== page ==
This post concludes the opening scene cut from the Oregon Trail chapter of A Place of Her Own, picking up where last week’s post left off and showing one more setback in Martha’s dreams of an idyllic life with Garrett. Martha has just led her eldest brother Ambrose out to the shed where the family’s wagon awaits the long journey west, the cloth cover not yet attached. As noted for Outtakes #5, the scene is divided into two parts due to its length–more than 1,900 words total, the cutting of which helped me in my struggle to reduce the word count for this book. Clip….
Martha tells her brother about the wagon Garrett built and all that she must do to have it ready for their trip west.
Photo taken by the author at the Interpretive Center at Baker City, Oregon.
Oregon Trail Preparations – Part II
Opening the shed door, she pulled it wide so the sun would cast a light on their prairie ship. The long narrow wagon bed was made of sturdy planks, but not heavy. “It’s tough wood,” she said. “But light enough the oxen can pull it over rough ground, and the yokes are light too.”
He ran his fingers across the joints. “Your husband does fine work.”
A glow flushed her cheeks at his compliment. “He’s particular about it.”
Wooden bows curved up from the wagon bed, ready for the cloth cover. “I have the cover almost done,” she said. “It’ll be two layers, a tougher linen for outside, softer muslin inside.” She showed him her calloused fingers. “It’s not easy to run stitches through that linen. I’ll be glad when it’s done. I’m making pockets on the inside to put things in. There’s so much to carry, but we can’t make it too heavy.”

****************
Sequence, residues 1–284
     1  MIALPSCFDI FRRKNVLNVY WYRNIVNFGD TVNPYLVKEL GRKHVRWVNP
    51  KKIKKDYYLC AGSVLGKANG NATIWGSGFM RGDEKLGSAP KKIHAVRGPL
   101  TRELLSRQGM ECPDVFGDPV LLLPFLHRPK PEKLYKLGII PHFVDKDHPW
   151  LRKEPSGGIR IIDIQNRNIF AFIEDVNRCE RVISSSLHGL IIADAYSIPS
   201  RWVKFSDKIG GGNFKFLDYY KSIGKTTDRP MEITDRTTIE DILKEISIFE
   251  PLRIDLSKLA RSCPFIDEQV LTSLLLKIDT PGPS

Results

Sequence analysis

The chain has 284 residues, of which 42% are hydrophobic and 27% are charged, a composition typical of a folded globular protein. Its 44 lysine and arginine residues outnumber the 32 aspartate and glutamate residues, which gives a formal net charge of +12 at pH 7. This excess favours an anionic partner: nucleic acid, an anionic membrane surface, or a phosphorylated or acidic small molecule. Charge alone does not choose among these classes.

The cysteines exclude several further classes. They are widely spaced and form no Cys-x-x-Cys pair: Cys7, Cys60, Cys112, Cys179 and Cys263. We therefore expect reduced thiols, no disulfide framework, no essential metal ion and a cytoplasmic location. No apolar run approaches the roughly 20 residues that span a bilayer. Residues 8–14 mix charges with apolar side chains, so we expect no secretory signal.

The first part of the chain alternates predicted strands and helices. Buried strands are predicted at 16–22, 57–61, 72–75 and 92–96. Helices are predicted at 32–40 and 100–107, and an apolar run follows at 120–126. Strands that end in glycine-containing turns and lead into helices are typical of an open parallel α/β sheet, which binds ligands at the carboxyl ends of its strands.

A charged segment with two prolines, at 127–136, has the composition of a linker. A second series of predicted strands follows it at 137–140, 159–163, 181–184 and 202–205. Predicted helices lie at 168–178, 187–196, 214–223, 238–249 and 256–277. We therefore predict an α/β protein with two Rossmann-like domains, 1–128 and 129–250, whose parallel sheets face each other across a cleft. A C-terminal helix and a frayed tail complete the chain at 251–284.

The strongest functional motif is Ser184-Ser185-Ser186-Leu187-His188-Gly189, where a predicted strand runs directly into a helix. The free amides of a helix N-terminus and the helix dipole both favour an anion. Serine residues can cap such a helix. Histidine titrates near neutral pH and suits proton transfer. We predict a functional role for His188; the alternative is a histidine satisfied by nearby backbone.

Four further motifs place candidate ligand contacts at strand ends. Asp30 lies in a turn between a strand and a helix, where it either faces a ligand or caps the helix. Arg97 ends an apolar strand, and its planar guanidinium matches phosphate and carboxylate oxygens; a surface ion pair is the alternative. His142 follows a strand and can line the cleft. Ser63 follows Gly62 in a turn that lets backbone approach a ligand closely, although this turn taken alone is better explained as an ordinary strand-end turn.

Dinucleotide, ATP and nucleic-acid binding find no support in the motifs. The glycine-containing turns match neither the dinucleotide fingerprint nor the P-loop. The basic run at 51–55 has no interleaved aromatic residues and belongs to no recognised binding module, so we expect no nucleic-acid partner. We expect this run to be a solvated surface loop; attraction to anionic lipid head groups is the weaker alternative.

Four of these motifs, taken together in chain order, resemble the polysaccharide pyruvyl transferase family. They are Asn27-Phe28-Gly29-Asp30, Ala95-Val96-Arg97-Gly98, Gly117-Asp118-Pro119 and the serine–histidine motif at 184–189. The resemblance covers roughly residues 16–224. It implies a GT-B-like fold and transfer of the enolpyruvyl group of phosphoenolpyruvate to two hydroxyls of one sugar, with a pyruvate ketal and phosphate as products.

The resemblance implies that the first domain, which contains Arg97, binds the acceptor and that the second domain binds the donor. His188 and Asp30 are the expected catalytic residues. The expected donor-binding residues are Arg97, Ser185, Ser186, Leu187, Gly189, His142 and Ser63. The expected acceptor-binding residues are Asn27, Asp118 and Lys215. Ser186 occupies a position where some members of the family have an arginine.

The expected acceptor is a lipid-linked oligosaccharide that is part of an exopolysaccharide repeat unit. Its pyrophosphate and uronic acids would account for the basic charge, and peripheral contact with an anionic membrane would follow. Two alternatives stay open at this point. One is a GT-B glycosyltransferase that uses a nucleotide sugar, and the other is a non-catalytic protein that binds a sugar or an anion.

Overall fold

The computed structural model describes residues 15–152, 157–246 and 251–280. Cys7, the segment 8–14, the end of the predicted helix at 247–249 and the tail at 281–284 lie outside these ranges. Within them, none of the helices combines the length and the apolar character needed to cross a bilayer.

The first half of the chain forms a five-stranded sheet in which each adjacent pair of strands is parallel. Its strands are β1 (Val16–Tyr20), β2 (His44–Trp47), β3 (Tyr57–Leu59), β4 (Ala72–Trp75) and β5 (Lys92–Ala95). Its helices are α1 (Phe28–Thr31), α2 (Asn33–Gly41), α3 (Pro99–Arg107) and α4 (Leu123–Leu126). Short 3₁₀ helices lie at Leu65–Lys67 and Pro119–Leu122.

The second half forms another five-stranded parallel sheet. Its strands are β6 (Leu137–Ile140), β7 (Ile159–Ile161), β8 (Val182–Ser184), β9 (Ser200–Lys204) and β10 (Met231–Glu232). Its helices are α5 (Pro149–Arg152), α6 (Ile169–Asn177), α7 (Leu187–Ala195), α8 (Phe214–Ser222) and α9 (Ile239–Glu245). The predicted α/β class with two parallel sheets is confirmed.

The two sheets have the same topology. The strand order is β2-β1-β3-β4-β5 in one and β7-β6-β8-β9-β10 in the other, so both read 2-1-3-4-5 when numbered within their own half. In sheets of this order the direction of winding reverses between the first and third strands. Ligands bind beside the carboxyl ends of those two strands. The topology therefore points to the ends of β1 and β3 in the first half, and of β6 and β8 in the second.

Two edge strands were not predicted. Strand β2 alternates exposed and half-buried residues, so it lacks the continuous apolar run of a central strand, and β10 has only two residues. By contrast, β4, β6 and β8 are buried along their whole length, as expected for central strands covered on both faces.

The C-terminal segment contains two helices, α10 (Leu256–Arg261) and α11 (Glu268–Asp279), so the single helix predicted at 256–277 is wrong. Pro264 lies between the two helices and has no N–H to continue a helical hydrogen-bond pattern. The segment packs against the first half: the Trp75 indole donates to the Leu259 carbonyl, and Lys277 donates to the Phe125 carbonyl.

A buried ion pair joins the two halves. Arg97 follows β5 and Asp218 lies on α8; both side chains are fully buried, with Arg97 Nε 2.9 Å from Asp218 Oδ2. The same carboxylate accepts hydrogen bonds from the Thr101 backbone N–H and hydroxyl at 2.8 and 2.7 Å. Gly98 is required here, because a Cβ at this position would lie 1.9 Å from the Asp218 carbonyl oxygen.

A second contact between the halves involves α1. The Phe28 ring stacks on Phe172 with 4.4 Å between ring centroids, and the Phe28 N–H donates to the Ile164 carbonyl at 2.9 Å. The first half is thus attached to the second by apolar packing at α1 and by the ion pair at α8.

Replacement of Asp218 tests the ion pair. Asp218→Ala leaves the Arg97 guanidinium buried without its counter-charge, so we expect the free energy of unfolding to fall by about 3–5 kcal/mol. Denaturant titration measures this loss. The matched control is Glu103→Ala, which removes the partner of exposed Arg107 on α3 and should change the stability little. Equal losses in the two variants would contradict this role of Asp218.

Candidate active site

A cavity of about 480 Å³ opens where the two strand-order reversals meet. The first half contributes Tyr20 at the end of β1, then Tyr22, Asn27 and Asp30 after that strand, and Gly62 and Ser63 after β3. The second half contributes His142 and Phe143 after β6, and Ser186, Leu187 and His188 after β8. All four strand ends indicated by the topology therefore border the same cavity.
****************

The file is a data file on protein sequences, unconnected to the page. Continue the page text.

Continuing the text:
He nodded. “Lots to think about.”
“Oh yes. Thoughts come to me, even in the night. I have to remember every little thing, this thing and another, and how I’m going to pack it so it’s safe. Ambrose, a person can die out there if they don’t have just what they need.”
“I still have to get the food ready and bags to hold it all.” She ticked off the list in her mind–hams and bacon, cheese, rice, coffee, tea, beans, flour, cornmeal, crackers, hard biscuits, lard, dried apples and peaches and prunes. They’d take cows with them and make butter on the way, maybe a couple of chickens in a crate. They’d need pickles to protect them from scurvy on the plains where they’d have no fresh fruits or vegetables. Garrett would bring in game.
She went on. “Besides the food, we need medicines–a box of physic pills, castor oil, peppermint, whiskey.” She also had clothes to make. A new flannel dress, some jeans pants for Garrett. New stockings to knit. More yarn for knitting on the trail. Dresses all cut out for the girls and some muslin shirts for Garrett, ready to pick up and sew when she had a spare moment along the way. Sarah Catherine and her mother had helped. It was good Sarah and young Perry would be staying with their mother.
Ambrose chuckled. “I can see your mind working now. You’ll be all right, Martha. A lot of people are going, and if they can make it you can. You have a good mind.” He rubbed a hand over the wagon’s smooth joints. “And your husband is–well, let’s say if I was going into the wilderness, I’d be happy to be in his company.”
She lifted her chin and glanced out the shed door. “He is a frontiersman, all right. You should see him in his buckskins when he goes out hunting, carrying that long rifle. I don’t remember a time he ever came home empty-handed.”